Abort the Executive Order

Rebecca Sive

In the end, passing the healthcare bill was about nothing but abortion and abortion-related deals that will make life all that much harder for women of modest resources facing the (constitutionally-protected) decision to terminate a pregnancy.

“The (Patient Protection and Affordable Care) Act maintains current Hyde Amendment restrictions governing abortion policy and extends those restrictions to the newly-created health insurance exchanges.”

Barack Obama, President of the United States,

March 21, 2010

This text is from theExecutive Order ensuring enforcement and implementation of abortion restrictions in the Patient Protection and Affordable Care Act.

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In Chicago, we call it getting out-hustled. That’s what the President and the Speaker did to their opponents over this weekend; they out-hustled them, in order to get the House of Representatives to pass the President’s healthcare reform bill, the one which, by-the-by, creates new barriers—both federal and state—to American women’s access to reproductive health care.

What does out-hustled mean? Well, in Chicago politics, it means you bust your you-know-what to get what you want, which too often means damn the consequences, most especially those consequences that appear to be (only) niceties, or appear arcane, or appear to affect few, or most-of all, obscure the message of ever-so-needed victory, any victory, if-it-comes-to-that.

But, in out-hustling their opposition, the President and the Speaker forsook the women of America; for they decided, by-the-by, that it was OK to make life–life hard enough already–all that much harder for women of modest resources when they face, for most, the hardest decision of life, the (constitutionally-protected) decision to terminate a pregnancy.

A couple weeks ago, I wrote in these pages regarding the Speaker’s specious claim that “This (the healthcare reform bill) is not about abortion,” 

To the contrary, I said, and I was proved right (keep reading): Getting the healthcare bill passed was going to be  “…about nothing but abortion.”

Of course, the Speaker knew this, too: She’d known this at least since last November when she called the Stupak Amendment for a vote, and it passed.

In fact, the Speaker’s statement to the contrary was just pure political ploy—typically political in that, in its narrowest fact context, it was true– the bill was and is about lots of aspects of healthcare, not just about abortion—but, equally typically political, false regarding the politics of getting the bill passed.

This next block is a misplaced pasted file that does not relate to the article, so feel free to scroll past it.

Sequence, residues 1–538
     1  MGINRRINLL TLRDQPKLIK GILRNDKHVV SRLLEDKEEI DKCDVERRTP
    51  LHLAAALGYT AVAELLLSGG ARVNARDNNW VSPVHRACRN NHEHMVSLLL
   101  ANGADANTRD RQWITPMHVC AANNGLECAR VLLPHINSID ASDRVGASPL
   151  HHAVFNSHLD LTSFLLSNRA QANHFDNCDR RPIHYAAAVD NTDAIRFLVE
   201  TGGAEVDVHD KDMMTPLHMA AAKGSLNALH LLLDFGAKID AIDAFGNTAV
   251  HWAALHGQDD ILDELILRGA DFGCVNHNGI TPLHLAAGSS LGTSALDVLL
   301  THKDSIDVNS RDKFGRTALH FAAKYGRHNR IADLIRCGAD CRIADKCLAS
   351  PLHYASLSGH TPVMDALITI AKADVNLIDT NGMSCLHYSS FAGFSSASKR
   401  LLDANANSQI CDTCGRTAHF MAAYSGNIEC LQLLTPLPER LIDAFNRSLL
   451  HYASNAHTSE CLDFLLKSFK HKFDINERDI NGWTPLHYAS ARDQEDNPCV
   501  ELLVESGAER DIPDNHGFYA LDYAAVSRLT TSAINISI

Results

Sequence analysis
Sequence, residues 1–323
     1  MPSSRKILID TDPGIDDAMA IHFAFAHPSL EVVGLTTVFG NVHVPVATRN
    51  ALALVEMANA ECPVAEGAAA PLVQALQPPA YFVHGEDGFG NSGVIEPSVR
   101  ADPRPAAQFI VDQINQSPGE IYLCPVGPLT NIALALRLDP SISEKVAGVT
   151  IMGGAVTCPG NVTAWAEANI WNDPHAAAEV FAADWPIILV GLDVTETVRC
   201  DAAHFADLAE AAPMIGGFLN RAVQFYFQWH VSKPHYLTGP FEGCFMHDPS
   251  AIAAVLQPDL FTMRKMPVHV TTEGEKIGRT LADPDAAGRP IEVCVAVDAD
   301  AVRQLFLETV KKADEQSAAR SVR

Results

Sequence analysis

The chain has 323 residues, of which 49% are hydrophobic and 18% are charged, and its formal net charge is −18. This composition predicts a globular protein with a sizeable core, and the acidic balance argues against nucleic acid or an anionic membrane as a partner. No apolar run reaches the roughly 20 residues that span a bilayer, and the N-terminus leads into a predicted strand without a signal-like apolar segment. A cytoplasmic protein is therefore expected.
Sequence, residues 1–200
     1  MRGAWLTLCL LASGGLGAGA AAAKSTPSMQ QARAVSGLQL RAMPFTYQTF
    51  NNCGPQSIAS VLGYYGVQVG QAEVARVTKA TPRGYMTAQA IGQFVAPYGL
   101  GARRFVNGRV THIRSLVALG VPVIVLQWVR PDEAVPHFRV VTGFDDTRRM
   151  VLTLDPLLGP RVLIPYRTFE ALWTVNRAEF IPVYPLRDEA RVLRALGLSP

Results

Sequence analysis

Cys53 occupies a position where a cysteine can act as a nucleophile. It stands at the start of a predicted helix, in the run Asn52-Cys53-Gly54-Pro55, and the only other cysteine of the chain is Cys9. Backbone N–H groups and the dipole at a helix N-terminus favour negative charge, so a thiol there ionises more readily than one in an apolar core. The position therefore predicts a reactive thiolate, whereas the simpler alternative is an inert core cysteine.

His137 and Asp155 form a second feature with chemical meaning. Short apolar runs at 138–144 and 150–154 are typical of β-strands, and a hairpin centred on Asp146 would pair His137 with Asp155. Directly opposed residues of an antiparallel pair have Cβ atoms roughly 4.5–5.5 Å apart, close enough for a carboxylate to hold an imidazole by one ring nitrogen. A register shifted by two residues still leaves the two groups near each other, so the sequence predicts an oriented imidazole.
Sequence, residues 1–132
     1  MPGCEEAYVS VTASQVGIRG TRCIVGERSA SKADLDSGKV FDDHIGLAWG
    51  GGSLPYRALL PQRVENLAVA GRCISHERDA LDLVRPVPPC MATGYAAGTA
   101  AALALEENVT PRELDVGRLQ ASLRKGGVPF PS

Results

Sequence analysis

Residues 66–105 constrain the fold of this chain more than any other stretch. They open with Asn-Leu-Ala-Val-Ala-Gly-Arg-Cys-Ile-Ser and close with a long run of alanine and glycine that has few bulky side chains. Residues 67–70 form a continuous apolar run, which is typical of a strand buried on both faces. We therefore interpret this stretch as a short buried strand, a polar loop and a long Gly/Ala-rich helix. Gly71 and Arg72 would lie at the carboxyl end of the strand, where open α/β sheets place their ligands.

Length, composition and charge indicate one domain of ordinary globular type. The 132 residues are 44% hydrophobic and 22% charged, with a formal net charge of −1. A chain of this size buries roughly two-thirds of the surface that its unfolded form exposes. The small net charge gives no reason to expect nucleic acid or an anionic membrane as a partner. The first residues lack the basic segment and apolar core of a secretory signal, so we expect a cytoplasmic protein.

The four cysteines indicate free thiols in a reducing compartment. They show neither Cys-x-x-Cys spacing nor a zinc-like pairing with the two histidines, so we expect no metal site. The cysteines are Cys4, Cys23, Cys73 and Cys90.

And that’s exactly what happened. Getting the healthcare bill passed was about nothing but abortion; at the end, it was about nothing but abortion-related deals; deals that, to boot, weren’t just any old deals, but deals with the President, his own self, to coin another Chicago term-of-art.

Indeed, Mr. I-used-to-can’t-stand-what-the-President-stands-for-if he’s-for-choice Stupak, of all people, got himself a little ole Executive Order, all about abortion.

And, lo and behold, once he got it, the Speaker got Mr. Stupak’s vote, and the bill passed.

Sometimes, being right doesn’t bring much satisfaction with it. Girl: Is that true this time.

For “…about nothing but abortion” turns out to mean that Washington will moot this women’s right with hardly a passing glance: Need an Executive Order, no problema; come on over and negotiate with my lawyers.

Need an Executive Order, no problema; let’s go right ahead and negotiate an Executive Order that no Democratic, nor, for that matter, any Republican, President has ever offered up; a document that Presidentially codifies a law whose sole purpose is to deny poor, and now middle-class (for the healthcare reform bill subsidizes middle-class families’ health insurance, too), women the same access to reproductive health care that wealthy women have.

Need an Executive Order, no problema; let’s just go right ahead and codify that Hyde Amendment in an Executive Order. And, while we’re at it, let’s go ahead and expand the reach of Mr. Hyde’s Amendment; expand it by extending its provisions to those new healthcare exchanges, all fifty of them; those health exchanges already a disaster for women, for what insurer in his right mind is going to want to tussle with local-pol-healthcare regulators regarding the right insure abortion and the right to undertake all kinds of new accounting procedures just to have the privilege of insuring a woman’s abortion. Exactly none.

Need an Executive Order, no problema:  We’ll just blithely ignore the constitutional complications here.

But wait: This Executive Order is about a matter that only affects, maybe, a couple- million-max American women annually. What’s the big deal? Won’t we be able to fix whatever all might be wrong with it later?

I say  “no,” for both policy and political reasons.

Here’s my take on one important policy reason: American history has shown over, and over, and over again that policies sacrificing or mooting constitutional rights, for the supposed “greater good,” are never sacrifices that protect the rights of women, minorities, the poor, or anyone else who doesn’t have the ability to buy her way into the offices of D.C. power brokers, and change powerbrokers’ minds.